Messines was the first time the Irish and Ulster divisions fought together
Several hundred people have taken part in a remembrance service in the centre of Londonderry to commemorate the Battle of Messines in 1917.
Wreaths were laid at the cenotaph and there was a minute's silence.
Local students who were involved in a project on the battle also spoke of their experiences after a visit to the battlefield.
As part of the event the Union flag and Irish tricolour were given equal prominence throughout the proceedings.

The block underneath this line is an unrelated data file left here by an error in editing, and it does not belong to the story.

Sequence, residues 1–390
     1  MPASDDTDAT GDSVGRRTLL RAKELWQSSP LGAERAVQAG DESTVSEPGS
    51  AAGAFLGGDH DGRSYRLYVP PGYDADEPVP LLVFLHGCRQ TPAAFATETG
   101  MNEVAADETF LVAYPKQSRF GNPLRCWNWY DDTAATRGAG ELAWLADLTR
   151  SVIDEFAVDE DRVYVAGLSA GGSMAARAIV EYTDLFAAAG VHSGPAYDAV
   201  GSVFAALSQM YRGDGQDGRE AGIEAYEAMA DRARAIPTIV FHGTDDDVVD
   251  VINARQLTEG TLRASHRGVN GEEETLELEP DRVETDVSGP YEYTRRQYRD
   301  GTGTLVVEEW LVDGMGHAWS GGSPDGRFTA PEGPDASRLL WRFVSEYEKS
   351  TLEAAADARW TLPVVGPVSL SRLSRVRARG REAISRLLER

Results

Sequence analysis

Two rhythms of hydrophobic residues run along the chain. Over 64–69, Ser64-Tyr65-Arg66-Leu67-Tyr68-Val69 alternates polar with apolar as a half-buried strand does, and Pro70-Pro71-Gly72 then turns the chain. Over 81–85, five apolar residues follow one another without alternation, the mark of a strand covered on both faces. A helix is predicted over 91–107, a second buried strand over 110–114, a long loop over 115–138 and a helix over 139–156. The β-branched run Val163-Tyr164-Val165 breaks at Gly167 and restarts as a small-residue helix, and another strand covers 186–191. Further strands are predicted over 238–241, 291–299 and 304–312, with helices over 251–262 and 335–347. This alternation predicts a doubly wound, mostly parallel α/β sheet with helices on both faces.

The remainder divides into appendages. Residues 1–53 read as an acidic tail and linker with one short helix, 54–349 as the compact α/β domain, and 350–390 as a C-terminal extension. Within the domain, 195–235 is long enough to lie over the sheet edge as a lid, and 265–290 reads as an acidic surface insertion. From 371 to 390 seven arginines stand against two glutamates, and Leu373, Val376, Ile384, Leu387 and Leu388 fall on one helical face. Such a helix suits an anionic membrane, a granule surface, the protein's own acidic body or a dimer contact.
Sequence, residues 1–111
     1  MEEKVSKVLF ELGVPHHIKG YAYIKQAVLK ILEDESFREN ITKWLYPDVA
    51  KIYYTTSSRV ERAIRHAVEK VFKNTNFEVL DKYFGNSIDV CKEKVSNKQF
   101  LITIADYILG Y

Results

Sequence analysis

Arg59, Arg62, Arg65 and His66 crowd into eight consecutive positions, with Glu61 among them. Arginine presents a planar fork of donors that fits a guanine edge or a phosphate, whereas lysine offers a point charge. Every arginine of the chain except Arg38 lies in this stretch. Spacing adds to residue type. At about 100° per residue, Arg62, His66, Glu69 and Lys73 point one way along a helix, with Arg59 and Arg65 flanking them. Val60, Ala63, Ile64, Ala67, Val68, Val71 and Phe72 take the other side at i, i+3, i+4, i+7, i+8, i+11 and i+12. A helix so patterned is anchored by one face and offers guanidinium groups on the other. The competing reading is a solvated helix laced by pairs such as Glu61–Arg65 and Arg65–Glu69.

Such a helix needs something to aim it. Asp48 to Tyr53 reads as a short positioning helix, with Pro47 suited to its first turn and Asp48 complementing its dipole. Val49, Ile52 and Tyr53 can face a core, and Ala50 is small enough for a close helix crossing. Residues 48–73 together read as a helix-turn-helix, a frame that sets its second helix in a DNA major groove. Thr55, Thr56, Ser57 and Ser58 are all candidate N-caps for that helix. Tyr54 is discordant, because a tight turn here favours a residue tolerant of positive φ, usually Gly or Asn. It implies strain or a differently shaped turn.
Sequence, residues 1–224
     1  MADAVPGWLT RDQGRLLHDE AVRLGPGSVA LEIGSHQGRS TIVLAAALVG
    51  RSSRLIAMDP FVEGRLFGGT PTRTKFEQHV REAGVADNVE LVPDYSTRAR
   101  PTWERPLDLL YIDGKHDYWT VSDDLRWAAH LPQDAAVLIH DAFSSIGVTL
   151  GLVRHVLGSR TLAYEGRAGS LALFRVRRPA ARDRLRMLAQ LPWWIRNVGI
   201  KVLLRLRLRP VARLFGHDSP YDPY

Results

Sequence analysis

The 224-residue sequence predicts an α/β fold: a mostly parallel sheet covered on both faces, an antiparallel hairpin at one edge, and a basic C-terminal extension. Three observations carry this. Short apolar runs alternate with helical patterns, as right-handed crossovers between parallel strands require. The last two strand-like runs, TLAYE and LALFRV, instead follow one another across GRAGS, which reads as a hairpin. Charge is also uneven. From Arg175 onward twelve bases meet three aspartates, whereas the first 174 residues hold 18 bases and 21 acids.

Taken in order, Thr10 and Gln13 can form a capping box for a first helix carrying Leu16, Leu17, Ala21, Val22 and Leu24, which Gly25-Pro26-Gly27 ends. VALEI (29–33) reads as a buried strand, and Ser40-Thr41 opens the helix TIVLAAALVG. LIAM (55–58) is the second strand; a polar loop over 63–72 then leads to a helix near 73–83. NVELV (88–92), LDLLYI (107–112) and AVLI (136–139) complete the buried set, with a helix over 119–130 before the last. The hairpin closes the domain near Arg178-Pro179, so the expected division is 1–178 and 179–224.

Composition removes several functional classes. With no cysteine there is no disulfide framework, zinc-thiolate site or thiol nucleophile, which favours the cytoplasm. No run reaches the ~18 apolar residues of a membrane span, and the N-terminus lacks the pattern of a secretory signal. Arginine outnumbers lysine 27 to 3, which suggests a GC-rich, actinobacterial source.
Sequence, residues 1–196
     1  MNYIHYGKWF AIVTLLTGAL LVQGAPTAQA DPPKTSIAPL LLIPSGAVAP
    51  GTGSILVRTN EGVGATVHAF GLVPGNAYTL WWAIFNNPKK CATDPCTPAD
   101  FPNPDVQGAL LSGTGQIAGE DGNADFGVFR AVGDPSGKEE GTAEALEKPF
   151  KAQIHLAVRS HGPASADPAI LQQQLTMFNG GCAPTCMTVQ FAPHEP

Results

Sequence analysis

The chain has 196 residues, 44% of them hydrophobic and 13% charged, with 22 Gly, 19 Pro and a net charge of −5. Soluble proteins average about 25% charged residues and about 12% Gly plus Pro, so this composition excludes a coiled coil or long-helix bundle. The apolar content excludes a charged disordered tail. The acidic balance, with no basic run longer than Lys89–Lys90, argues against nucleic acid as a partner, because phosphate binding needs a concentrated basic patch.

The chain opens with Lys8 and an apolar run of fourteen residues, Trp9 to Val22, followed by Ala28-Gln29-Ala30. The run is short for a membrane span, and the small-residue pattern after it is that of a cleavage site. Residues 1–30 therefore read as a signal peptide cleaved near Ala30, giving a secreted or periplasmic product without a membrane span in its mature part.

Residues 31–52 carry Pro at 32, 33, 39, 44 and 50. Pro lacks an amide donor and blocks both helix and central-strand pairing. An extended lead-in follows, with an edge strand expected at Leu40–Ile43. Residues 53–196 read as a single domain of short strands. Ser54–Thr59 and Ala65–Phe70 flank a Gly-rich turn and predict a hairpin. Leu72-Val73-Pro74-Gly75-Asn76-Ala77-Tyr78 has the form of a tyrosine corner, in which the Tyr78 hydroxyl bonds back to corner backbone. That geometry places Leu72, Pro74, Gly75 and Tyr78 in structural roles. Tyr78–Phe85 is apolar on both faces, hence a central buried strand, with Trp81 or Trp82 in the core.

Glen Barr, head of the International Peace Project in Messines, said that they had being parading in Belgium for the last ten years at it was time the service "came home".
"On a battlefield it didn't matter what religion you were it was about common humanity," he said.
On 7 June 1917, the British Second Army, under the command of General Herbert Plummer, launched the Battle of Messines, one of the bloodiest battles of the First World War.
The battle, months in the planning, centred around the strategically important Messines Ridge.
It was said that the sound of the mine explosions launched during the Battle of Messines could be heard as far away as Dublin.
More than 40,000 men lost their lives during the fighting.
The 16th Irish and 36th Ulster divisions fought side-by-side to capture the small town of Wystenchaete - the first time the two divisions had fought together.